All of these little tasks and obligations can add up over time and negatively impact your health and well-being, so it's important to delegate real time away from the job. Here some ideas on how to do so:

  • Turn your phone off and go for a walk.
  • Finish records at work rather than taking them home with you over the weekend.
  • Avoid checking work emails over the weekend.
  • Politely tell that classmate from high school that you will not provide free medical advice over the phone.

By allowing yourself real time off, you'll be better equipped for the challenges of the day when you do return to work.

Utilizing Vacation Time

Along those same lines, it's also important to utilize vacation time. Americans, in general, aren't good at this. The U.S. Travel Association revealed in a study that 768 million days of paid time off, a record number, were left unused. Of these days, 236 were forfeited completely.

If you're feeling weighed down by your job, a vacation may be just what you need to reset, so don't let those vacation days go to waste! The work will always be there when you return, but time away from your "real" life can help you to recharge, remind you to live in the present, and allow you to return to your job well-rested and ready to tackle the tasks in front of you.

Preparing for Pushback

Boundaries can be difficult to make and maintain, in part because the people facing these new boundaries will constantly try to cross them. If your boundaries have been murky or non-existent in the past, it's only natural for those around you to show some resistance when suddenly faced with more clearly defined limitations. Despite how difficult it might be at first, it is vital to stand firm and remember that pushback — from family, friends, coworkers, and clients — is normal, acceptable and a clear indication that you are on the right track.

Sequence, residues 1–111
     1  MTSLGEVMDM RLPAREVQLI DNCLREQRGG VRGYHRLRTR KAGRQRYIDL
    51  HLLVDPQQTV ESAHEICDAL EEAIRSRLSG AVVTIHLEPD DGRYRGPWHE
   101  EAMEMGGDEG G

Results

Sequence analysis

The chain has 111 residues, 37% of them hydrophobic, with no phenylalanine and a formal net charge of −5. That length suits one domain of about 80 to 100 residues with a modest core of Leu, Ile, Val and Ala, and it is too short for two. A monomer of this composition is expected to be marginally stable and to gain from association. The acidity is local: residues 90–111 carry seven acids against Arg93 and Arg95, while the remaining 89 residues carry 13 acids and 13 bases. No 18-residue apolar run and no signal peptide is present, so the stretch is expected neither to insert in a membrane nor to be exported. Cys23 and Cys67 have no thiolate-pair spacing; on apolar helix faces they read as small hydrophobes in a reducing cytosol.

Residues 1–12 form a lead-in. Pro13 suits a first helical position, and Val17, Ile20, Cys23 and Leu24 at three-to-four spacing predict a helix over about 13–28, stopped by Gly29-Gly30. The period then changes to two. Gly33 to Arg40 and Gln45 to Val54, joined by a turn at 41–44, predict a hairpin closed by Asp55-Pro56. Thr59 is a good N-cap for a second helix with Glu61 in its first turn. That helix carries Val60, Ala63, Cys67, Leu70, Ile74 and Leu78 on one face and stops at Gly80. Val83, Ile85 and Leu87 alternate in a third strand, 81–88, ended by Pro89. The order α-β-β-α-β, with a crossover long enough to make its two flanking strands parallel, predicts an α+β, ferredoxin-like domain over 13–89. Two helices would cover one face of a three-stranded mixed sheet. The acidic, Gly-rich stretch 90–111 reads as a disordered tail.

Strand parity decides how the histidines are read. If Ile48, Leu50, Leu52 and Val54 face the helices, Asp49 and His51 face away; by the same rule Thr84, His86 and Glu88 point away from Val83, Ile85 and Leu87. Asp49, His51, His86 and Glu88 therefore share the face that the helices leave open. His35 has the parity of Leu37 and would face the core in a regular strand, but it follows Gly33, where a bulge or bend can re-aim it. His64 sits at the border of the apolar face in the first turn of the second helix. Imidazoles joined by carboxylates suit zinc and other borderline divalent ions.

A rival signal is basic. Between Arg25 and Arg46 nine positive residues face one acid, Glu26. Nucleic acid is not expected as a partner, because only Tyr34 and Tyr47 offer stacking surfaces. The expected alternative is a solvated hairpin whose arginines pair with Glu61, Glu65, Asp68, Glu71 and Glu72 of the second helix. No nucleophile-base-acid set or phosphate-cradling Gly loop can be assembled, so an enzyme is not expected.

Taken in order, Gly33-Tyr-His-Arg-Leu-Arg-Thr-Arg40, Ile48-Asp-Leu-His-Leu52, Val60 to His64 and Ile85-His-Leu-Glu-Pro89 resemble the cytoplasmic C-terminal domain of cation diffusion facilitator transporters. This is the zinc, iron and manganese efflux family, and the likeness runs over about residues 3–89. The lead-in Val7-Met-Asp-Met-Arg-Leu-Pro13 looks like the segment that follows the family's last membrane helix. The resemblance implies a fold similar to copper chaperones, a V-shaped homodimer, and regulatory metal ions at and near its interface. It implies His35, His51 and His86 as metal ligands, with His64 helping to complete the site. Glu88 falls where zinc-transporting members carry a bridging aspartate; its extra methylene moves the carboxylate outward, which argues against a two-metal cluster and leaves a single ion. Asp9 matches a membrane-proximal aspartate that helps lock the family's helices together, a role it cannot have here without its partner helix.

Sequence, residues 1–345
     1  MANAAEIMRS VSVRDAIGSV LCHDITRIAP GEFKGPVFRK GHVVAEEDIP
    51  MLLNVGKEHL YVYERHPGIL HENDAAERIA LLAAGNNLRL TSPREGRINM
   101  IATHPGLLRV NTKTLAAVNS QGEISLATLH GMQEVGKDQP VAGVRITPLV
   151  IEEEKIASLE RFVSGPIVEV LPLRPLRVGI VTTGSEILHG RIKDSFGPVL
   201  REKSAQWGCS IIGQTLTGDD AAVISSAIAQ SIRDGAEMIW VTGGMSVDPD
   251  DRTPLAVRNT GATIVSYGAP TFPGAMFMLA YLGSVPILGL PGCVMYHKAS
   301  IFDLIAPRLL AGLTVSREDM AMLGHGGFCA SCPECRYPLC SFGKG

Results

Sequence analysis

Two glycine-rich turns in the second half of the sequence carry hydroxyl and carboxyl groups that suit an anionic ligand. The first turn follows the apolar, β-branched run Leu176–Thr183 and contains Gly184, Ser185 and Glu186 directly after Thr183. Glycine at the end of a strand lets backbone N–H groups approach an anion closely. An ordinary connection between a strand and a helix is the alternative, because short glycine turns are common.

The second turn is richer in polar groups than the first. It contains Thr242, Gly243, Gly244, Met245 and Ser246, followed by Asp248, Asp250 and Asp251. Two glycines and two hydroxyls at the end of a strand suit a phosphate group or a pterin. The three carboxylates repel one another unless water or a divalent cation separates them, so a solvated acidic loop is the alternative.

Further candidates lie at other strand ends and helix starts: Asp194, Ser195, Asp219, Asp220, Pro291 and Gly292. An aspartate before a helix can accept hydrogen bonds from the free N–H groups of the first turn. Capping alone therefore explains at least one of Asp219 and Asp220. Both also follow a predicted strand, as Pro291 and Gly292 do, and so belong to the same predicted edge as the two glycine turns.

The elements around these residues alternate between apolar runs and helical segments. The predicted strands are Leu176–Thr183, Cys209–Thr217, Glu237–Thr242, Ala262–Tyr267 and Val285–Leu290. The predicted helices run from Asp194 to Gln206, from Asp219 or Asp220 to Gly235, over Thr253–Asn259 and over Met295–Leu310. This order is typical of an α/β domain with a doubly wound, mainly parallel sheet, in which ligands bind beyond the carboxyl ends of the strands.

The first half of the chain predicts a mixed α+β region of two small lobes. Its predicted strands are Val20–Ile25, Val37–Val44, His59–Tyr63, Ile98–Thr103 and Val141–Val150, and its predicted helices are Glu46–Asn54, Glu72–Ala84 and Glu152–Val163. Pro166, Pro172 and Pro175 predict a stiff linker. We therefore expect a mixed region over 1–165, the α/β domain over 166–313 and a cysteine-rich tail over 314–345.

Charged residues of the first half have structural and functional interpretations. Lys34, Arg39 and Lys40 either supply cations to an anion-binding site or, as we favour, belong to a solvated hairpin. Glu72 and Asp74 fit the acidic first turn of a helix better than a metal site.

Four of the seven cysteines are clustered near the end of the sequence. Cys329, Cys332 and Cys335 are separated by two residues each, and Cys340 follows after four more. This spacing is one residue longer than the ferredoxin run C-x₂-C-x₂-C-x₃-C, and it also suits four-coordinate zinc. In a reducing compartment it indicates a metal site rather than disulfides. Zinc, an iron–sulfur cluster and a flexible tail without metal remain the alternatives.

The veterinary profession has evolved into one that takes advantage of its most valuable asset: you. As caseloads steadily rise, you take on more cases. As the demand for veterinarians grows, you add more hours to your day to compensate. As clients expect better and more accessible healthcare for their pets, you reach for the stars to give them what they need. The boundaries grow hazier, and your well-being may suffer as a result. This culture of self-sacrifice for the sake of the profession is not sustainable, and the first step toward a healthier, happier livelihood is to start setting some boundaries.

Teresa Schumacher

Dr. Schumacher is a writer, photographer, and small-animal emergency veterinarian. She graduated from University of California, Davis, in 2015, then completed a rotating internship in Chattanooga, Tennessee, before moving back to her home state of Ohio in 2016. She has been practicing emergency medicine ever since, and her main professional interests include trauma care, toxicology, and veterinary mental health and wellness. Dr. Schumacher has a passion for storytelling and enjoys traveling frequently in search of new compelling stories to share. See more at

The views and opinions in this piece are the authors own, and do not necessarily reflect the views of either The Vetiverse or IDEXX.